You just have to stand in awe of what Lost
has accomplished in its four-plus seasons of existence. Lost
has paved the way for hyper-intelligent serialized TV, in ways unimaginable five years ago. Prior to Lost's
success, was there ever anything like it on network television? A series completely and utterly serial in nature, no episode self-contained, featuring subtle call-backs to episodes all the way back to season one? Nothing this dense has ever existed on network TV, but even more than that, no show has ever trusted its audience more than Lost
. In a world where most every form of media treats us like mental patients with massive head wounds, it's refreshing that Lost can air an episode like last night's. This is what struck me about “The Little Prince:” This was an episode that matter-of-factly intercut between two wildly different timelines as if they were happening concurrently, and felt no particular need to spell out the timelines to the audience. I understand that with the island folk being “unstuck in time,” the idea of timelines is more or less rendered moot, but still – it's cool stuff. The best part, however, was traveling to the night Aaron was born. When Locke saw the light in the sky, Lost
fans immediately knew when the island was.
BuddyTV Podcast of Glory: Braving the Waters of 'American Idol' and 'Lost'
Think about that: one shot of that light in the sky, and the writers expected us to know that this was from season one, four years ago. And we did. We all got it. The Lost
writers' (and, to perhaps an even greater extent, ABC's) respect for and faith in the viewers has created an obsessively loyal fan base, the likes of which has never existed before or since on television. There are bigger audiences sure, there may even be more more vocal audiences, but none as rabid as Lost's
. A question, then: Is Lost
a product of the times, a creation that could only exist in a time where fans can immediately go online after an episode, offer theories and insights, discuss the significance of different events, and attempt to puzzle out the mysteries of the island? Is the success of Lost
predicated on the advent of TV on DVD, podcasts from its creators, and ABC's ability to offer Lost
content in all sorts of different mediums. Had Lost
premiered in 1995, would it have made it though one season?
I know this: for the Lost
obsessive, the internet is an invaluable resource. It almost acts as part of the show itself. The viewing experience is not only enhanced by the online presence, but in many ways dependent upon it. The term “post-modern” is thrown around a lot, often overused, but with Lost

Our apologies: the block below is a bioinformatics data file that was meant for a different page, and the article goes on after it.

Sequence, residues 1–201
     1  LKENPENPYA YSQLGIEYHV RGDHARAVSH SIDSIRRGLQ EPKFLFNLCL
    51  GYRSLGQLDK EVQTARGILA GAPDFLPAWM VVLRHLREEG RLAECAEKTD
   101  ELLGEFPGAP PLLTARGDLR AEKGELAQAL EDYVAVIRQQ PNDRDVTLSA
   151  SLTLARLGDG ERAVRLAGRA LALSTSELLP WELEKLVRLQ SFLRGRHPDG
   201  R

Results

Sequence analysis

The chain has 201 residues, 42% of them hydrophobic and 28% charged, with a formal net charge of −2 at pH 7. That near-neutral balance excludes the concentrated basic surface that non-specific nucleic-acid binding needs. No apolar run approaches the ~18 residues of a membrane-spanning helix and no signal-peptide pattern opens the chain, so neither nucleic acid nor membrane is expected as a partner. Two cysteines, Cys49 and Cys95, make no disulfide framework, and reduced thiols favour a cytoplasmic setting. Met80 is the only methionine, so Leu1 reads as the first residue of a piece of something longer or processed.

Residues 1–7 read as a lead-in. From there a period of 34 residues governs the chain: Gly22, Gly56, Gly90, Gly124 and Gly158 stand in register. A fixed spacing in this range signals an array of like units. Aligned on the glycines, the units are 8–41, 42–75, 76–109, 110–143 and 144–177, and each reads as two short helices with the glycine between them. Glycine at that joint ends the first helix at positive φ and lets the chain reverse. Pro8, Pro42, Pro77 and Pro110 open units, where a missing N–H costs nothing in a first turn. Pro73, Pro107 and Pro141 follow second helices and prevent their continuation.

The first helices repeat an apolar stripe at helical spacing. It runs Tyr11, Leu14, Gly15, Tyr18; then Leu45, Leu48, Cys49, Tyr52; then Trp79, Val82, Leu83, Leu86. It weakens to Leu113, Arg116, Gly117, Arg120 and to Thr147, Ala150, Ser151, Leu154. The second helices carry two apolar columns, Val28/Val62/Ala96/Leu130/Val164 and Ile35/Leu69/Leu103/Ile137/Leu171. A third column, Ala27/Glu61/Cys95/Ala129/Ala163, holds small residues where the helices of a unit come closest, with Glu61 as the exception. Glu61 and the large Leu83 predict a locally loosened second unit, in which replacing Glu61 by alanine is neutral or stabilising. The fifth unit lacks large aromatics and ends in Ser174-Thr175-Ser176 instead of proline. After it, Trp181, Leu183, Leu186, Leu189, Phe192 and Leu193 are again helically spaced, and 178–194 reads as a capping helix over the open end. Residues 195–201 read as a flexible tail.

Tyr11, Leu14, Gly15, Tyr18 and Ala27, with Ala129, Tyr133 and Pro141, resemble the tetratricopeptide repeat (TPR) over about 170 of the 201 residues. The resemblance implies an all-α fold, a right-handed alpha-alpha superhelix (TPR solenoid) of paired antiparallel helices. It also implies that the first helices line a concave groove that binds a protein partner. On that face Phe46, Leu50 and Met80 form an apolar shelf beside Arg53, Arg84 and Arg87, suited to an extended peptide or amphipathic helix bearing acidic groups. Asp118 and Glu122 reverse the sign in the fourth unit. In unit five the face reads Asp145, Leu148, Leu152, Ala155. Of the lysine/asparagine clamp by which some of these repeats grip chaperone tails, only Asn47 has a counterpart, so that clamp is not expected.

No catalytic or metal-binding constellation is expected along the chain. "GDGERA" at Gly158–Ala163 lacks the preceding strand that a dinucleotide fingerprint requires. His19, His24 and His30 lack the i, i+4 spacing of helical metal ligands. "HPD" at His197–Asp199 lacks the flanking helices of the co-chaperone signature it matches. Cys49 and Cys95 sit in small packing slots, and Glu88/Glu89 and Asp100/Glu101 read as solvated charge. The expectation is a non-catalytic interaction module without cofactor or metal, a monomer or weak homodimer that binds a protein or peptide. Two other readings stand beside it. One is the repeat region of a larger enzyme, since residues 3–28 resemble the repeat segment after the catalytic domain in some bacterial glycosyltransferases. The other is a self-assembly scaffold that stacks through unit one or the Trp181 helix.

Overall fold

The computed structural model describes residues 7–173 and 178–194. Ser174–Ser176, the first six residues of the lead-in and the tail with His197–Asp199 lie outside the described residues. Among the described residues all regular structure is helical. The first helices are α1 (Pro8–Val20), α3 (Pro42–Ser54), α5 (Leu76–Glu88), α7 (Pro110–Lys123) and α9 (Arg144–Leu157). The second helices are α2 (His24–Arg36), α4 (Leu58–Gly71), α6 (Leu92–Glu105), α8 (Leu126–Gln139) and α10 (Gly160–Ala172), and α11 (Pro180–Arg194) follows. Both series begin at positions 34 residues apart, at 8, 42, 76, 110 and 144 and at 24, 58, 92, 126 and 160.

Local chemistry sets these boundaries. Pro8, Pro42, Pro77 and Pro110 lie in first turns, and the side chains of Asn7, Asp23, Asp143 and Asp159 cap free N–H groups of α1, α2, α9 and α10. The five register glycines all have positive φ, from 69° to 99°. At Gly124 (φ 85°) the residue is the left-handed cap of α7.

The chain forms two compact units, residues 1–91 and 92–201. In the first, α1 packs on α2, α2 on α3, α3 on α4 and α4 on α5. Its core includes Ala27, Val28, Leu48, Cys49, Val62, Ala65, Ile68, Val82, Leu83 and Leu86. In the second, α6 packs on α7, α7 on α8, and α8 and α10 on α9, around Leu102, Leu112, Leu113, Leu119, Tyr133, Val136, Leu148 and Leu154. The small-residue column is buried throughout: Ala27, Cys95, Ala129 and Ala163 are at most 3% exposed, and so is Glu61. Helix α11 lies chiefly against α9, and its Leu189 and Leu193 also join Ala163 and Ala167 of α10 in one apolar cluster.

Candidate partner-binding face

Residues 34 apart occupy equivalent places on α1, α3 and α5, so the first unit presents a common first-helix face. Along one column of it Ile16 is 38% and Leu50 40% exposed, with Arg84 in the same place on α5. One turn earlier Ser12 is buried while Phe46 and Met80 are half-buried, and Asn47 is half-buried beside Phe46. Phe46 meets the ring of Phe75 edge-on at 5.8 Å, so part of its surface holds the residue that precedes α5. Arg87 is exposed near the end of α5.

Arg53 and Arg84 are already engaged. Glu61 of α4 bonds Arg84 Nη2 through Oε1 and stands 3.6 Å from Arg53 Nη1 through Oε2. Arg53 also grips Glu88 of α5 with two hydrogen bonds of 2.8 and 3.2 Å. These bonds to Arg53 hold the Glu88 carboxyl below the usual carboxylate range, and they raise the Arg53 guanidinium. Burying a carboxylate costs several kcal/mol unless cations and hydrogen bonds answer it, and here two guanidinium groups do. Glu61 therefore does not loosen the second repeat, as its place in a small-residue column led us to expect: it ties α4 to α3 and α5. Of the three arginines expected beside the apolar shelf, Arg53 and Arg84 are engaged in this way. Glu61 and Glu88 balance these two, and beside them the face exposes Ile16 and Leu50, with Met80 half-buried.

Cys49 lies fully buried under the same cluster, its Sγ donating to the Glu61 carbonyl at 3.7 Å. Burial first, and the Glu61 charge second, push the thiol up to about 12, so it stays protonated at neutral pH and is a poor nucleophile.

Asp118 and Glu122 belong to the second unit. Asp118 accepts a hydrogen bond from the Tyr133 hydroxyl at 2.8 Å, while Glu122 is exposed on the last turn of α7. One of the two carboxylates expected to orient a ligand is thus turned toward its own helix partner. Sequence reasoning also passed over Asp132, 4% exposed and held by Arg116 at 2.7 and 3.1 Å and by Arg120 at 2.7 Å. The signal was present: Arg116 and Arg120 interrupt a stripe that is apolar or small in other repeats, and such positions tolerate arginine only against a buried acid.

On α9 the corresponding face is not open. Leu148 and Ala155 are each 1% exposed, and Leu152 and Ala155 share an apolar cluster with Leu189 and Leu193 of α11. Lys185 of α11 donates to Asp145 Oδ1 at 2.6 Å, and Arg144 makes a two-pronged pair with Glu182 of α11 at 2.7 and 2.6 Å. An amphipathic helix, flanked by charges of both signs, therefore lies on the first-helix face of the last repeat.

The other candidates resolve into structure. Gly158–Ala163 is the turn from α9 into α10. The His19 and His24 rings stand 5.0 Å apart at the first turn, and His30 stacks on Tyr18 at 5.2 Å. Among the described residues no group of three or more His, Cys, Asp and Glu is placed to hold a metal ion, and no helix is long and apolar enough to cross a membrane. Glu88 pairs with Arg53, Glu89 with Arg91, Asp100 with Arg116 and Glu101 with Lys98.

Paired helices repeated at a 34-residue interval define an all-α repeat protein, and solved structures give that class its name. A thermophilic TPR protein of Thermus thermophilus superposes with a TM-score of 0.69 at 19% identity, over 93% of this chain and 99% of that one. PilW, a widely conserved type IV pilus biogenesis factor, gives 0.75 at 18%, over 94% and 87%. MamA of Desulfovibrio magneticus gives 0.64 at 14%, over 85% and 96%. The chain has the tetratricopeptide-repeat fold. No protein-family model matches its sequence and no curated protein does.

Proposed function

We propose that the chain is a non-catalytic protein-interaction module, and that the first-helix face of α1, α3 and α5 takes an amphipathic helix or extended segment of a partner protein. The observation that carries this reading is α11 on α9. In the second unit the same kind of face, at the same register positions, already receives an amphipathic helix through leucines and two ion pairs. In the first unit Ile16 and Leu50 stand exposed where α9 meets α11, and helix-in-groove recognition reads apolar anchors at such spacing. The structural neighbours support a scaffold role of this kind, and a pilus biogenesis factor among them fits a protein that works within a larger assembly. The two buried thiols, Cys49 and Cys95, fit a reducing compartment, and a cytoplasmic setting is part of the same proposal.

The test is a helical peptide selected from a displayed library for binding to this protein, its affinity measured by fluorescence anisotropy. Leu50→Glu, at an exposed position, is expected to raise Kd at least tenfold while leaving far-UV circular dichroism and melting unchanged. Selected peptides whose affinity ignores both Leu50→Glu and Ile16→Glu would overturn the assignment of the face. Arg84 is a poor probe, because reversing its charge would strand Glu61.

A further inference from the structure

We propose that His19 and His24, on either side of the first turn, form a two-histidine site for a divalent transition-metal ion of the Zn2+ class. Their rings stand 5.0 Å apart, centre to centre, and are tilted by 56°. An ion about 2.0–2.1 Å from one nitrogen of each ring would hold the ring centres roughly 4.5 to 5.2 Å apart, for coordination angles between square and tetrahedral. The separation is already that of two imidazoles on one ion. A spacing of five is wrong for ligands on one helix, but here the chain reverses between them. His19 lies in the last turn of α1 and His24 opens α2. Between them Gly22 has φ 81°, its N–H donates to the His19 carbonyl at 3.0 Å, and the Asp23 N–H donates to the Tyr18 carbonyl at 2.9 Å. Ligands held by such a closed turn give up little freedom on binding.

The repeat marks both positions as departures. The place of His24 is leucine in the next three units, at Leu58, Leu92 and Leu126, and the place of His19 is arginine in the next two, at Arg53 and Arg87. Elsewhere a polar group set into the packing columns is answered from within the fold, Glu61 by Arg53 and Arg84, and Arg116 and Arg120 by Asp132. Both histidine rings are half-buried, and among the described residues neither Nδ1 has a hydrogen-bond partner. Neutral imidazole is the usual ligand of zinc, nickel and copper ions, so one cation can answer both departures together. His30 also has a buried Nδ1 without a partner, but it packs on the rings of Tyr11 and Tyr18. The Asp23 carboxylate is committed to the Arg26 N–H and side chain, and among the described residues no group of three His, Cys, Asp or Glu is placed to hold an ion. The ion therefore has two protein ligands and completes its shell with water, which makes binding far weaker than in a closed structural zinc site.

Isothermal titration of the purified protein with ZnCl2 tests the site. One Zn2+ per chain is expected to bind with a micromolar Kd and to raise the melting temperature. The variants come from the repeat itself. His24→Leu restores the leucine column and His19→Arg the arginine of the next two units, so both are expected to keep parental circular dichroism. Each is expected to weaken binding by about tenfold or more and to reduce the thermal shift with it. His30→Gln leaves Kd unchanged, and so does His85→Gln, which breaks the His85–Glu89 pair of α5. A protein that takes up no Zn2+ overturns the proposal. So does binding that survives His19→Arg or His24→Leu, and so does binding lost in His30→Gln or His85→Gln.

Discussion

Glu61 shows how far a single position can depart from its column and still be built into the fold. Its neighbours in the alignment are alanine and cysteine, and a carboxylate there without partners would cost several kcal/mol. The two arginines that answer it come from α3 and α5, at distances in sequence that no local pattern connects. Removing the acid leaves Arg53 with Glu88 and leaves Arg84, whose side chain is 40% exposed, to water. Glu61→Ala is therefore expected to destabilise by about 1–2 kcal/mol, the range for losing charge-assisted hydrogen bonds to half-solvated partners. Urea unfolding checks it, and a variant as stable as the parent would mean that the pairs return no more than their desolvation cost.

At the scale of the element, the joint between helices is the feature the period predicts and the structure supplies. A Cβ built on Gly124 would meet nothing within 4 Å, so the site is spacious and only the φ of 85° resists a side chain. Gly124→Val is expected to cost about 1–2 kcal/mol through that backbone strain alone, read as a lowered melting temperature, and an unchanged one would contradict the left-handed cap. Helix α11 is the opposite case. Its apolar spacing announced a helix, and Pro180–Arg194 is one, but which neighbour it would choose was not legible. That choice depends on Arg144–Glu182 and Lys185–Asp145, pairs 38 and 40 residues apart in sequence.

, I find it entirely apt. Lost
is the is the most prescient example of a show that has expanded its experience beyond the vacuum of 42 minutes on a TV screen. Weaving self-referential moments throughout every episode, growing a larger mythology via throwaway lines and “Easter Eggs,” expanding the story with things like webisodes, the Lost Book Club, and viral websites, Lost
is a universe, not a simple six-season narrative. Lost
is what TV shows can conceivably become in our time, with the internet ruling all, and the faith that audiences will figure it out, regardless of how complicated and dense the writers decide to be.
OK, I'll get off Lost's
proverbial nuts now. To “The Little Prince.” Let's start on the mainland. My initial reactions were fairly basic: Sun is working with Widmore, upset that Jin is presumably dead, wanting revenge, still blaming Kate, and unable to find meaning in her life, despite the wealth she has attained. As for Kate, I predicted this early in the season and will stick to it: Ben's main motivation in hiring the lawyer to conduct the maternity test was to give Kate a reason to head back to the island. Ben, having (almost) everyone back together on the pier, had no reason to keep his lie up, and will be able to explain himself in ways that only Mr. Linus can. If you watched the “Scenes from Next Week” you saw Ben tell Sun that he can prove that Jin is still alive. This proof had to come from Locke upon his return, though I find it curious Locke didn't mention this fact to anyone else, though I suppose he had more pressing matters at hand. The opening of next week's episode should be great, with an angry Sun wielding that gun. I can't imagine she'd use it (on who?), but you never know.
As for the on-island action, Sawyer's plight gets more heart-breaking by the minute. The poetic use of time travel, allowing Sawyer to see Kate at her best from mere feet away, was emotionally crushing, especially given how fleeting the glimpse was. Danielle's appearance was long in the making, I suspect, and gave the episode a nice button. How the French will weave into the overall story is a mystery, but I have to believe they'll play a major role somehow.
Coming into the season, I would not have predicted that the on-island action would be more interesting and exciting than what the Oceanic 6 were up to, but I guess it makes sense - the objective of the Oceanic 6 is clearly spelled out, while the Island 6 are pretty much at a loss, at the behest of the island's flashes. The canoe people, the French, the nose-bleeds; I'd like to have some opinions or theories about them, but they'd be far-fetched and almost certainly wrong. So, I will wait until next week, though my guess is that the bulk of the episode will be spent on the Oceanic 6's journey off the mainland.
Lost Easter Eggs for "The Little Prince"
-Oscar Dahl, BuddyTV Senior Writer
(Image Courtesy of ABC)